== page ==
Michigan Municipal League May/June 2023 Review Magazine
Strategic Code Enforcement: Advancing Equity and Improving Compliance
By Libby Benton
D uring a presentation on strategic code enforcement in Austin, Texas, Phil Crowe had an epiphany. As executive administrator for the Louisville Metro Government’s (LMG) Codes and Regulations department, Crowe was proud that his department treated all properties with housing and building code violations the same, regardless of property owner, type, or neighborhood. The policy’s intent was to ensure fairness with the goal of resolving code violations so that buildings would be safe for residents and the community. But as he listened, Crowe realized this traditional approach to code enforcement often had the opposite effect. Low-income homeowners would use their limited dollars to pay fines when that money would be better spent making repairs. Meanwhile, absentee owners and unscrupulous landlords simply ignored citations and fees altogether. In both cases, code enforcement was not bringing properties into compliance. LMG needed a better approach. Luckily, Crowe experienced his “aha” moment at the Center for Community Progress’ 2022 Vacant Property Leadership Institute (VPLI), a four-day training where small delegations of local leaders learned about equitable strategies to address vacant, abandoned, and deteriorated properties. After VPLI, Crowe and his colleagues wasted no time implementing reforms. They gave code enforcement officers more discretion to issue warnings and waive citations, shifted their strategy on abandoned properties from ineffective penalties to timely abatement, worked with Community Progress to conduct a racial equity audit of their policies, and dedicated $1 million in new home repair assistance funds to owner-occupied properties. In the year since Phil Crowe’s epiphany, Louisville has drawn local media attention for its efforts to create a more strategic, equitable code enforcement process. Louisville’s journey and the resources it used along the way can serve as a model for communities in Michigan and across the country.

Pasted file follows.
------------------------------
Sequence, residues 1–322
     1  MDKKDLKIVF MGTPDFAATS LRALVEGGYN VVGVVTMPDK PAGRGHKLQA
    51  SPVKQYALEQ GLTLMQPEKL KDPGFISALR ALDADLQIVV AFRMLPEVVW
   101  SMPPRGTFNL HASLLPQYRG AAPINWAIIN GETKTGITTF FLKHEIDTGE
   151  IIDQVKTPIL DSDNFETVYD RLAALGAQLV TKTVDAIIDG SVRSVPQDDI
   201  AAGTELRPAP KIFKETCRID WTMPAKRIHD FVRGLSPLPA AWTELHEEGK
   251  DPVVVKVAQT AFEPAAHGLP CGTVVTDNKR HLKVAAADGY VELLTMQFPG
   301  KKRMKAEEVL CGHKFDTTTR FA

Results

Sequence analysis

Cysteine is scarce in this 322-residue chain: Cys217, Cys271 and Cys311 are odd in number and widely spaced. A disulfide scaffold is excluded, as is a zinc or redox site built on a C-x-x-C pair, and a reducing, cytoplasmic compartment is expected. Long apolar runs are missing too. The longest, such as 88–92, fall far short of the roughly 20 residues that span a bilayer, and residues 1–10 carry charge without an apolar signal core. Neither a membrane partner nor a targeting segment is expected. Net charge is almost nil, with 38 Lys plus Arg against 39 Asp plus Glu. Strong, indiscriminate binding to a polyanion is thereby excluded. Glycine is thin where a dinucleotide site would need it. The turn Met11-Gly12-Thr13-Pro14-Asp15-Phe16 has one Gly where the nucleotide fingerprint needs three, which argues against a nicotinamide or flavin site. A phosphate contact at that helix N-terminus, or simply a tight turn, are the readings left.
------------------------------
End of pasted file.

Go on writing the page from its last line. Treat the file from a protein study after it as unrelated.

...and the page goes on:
18 THE REVIEW
MAY / JUNE 2023
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